So, the Covid-19 Corona Virus is gripping the
whole world with every country declaring travel bans on the left, right and a
center that can no longer hold. God doesn’t waste a crisis and already there
are a few lessons we can draw from the pandemic.
1. Things can change pretty fast
If there is one thing,we can’t miss from this pandemic is that things can get bad pretty fast. Worldometers https://www.worldometers.info/coronavirus/ publishes live stats on the spread of Covid-19 and one piece of data that struck my mind was showing how South Africa had a double up of cases in a single day. The, “It won’t happen to me” attitude is the chief reason why people do not prepare even for imminent disaster. Over the past weeks we have transitioned from making jokes and circulating memes about the impact of the Coronavirus in China and Europe, to scampering for some essentials after discovering that we did not have critical essentials like masks, gloves and sanitizers etc. Of course, situations vary as some were able to stock up on these before time. Nonetheless, the bottom-line is that we were generally caught under-prepared for a crisis we watched unfold in clear view. It reminds me of the scenario where Jesus had consistently told his disciples about his death and that he would be raised up the after 3 days. Following his crucifixion on a Friday Jesus resurrected on the Sunday morning. The disciples heard about His resurrection from Mary Magdalene. Peter and John literally ran to grave. (John 20: 1-9) They could not believe what had happened as relayed by Mary and they were surprised yet Jesus had made this plain to them beforehand. The disciples were surprised when it arrived. This paints a pitiful picture of the condition of humanity and sadly some Christians who will be “surprised” by the second coming of Christ when they have always preached it.
2. God has no struggle in getting our attention
Clearly, God has no struggle in getting our
attention. This is not the first time the world is plagued by a pandemic but
there is something unique about Covid-19. The virus spreads very quickly and
easily even though it is not exactly airborne. Money, class, race or religion
are completely irrelevant in this case. The swoop of Covid-19 is
indiscriminate. Once more, all of us are unmistakably reminded of our
fragilities and susceptibility. There is not much room to debate the existence
of God and to indulge in unyielding academic arguments about God and religion.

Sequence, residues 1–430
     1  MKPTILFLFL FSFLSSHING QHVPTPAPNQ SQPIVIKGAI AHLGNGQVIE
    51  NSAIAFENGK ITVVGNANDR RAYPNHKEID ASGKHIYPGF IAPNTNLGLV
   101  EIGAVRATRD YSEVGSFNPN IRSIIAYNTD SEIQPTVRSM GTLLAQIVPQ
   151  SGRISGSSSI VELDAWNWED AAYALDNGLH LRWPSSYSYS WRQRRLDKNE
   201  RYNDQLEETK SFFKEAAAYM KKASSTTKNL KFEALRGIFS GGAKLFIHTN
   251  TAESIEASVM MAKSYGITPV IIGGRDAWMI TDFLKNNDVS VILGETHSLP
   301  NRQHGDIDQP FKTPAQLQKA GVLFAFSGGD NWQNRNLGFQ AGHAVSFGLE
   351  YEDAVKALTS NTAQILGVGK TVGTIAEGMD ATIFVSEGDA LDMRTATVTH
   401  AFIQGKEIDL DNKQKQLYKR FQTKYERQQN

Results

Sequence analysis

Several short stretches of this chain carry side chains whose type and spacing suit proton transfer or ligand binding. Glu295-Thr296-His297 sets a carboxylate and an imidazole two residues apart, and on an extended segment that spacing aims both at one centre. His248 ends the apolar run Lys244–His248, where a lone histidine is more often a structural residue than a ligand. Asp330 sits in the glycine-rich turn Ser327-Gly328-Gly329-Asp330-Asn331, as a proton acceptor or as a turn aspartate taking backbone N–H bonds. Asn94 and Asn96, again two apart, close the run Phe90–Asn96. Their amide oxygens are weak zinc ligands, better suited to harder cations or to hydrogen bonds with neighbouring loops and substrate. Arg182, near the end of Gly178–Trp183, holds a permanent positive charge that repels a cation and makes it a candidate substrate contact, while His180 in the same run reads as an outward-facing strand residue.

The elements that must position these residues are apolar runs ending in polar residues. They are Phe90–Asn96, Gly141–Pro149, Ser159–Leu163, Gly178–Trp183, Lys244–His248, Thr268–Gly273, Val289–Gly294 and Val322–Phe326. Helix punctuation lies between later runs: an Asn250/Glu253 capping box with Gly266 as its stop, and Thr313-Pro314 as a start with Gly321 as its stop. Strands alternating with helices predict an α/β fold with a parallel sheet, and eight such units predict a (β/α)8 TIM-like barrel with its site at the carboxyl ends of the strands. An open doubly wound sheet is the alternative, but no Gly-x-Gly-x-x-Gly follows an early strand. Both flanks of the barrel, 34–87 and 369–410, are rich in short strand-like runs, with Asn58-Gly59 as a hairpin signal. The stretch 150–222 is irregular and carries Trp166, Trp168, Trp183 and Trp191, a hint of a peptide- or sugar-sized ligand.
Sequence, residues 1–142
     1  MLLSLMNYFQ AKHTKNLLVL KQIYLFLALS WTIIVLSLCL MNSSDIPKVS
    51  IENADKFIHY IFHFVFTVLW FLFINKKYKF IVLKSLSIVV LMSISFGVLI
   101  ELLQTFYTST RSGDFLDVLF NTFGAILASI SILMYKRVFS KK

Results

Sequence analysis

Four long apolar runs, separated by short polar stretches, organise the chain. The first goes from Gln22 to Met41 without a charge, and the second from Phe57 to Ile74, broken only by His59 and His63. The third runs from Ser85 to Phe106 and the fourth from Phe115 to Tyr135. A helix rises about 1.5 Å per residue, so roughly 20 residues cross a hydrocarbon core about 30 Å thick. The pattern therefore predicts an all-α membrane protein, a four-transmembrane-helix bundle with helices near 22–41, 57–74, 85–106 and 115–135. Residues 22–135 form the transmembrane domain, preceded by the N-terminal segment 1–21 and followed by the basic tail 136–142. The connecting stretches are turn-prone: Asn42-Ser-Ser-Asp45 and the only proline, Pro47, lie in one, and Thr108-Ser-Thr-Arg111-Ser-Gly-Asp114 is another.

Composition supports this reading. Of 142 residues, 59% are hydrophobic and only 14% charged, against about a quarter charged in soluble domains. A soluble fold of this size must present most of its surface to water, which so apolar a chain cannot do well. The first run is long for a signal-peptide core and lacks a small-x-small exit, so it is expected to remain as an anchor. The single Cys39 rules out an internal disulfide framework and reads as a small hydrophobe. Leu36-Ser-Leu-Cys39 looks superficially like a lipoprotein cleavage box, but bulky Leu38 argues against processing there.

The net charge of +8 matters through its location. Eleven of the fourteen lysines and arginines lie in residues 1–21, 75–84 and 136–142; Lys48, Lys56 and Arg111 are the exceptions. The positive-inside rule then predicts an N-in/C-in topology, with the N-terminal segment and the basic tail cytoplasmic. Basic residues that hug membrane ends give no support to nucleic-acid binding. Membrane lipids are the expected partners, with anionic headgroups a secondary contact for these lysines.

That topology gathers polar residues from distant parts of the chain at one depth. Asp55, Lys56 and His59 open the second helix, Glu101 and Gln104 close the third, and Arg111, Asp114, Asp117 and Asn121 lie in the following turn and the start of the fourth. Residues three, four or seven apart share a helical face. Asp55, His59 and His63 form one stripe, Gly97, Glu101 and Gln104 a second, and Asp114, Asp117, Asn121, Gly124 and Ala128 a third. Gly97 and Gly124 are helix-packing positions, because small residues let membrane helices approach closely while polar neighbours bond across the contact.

The topmost priority of every soul that still breathes is survival, chances of
which can easily range between slim and none in a very short space of time. In
a nutshell, if there is one thing we could all agree on, it is that people need
the Lord. This calls for introspection on where each person stands with God and
whether or not whatever anchors we have installed in our lives can hold.
There is something profound the Psalmist says
in Psalm 119: 67-71.
67 Before I was afflicted I went astray, but
now I obey your word. 68 You are good, and what you do is good; teach me your decrees. 69 Though the
arrogant have smeared me with lies, I keep your precepts with all my heart. 70
Their hearts are callous and unfeeling,
but I delight in your law. 71 It was good for me to be afflicted so that
I might learn your decrees.
3. Vanity of vanities
With most public and pleasure-seeking activities called off, it is perhaps great time reflect on what really matters. With no premier league, public drinking banned in some places, and all major events that consume the capital of modern life cancelled it is indeed a great time to reflect, reboot and focus on the most important object of life, our origin and our ultimate destiny. This is not to say all public gatherings have no place in our human fabric however the salient take away from this situation is that when all is said and done, everything is vanity (perishable) including mortal life itself. At the threat of tragedy no one clutches at straws for their wealth, education, power and influence. The rallying call in face of danger is to do the best one can to hold on to dear life. While the life we have for now is just but mist (now it’s here and now it is gone) real life, embedded with true meaning and eternality is found in none other than Jesus Christ who is the way, the truth and the life. The idea of vanity of vanities as articulated by the wisest of all men (Solomon) does not seek to rubbish everything else in life and call for human beings to be hermits. Rather, it is a call to get our often lopsided priorities straight.
4.God always speaks
C.S. Lewis captured this thought succinctly.
“God whispers to us in our pleasures, speaks to us in our conscience, but shouts to us in our pain. It is His megaphone to rouse a dead world.” C.S. Lewis
5. There is hope
We have been educated that Covid-19 hits
hardest those with weak immunity systems and we know that one way of effectively
compromising your immune system is to worry, to stress or to be anxious hence
the parting shot from Philippians 4:6-7 is apt:
“Do not be anxious about anything, but in every situation, by prayer and petition, with thanksgiving, present your requests to God. And the peace of God, which transcends all understanding, will guard your hearts and your minds in Christ Jesus” (Phil 4:6-7).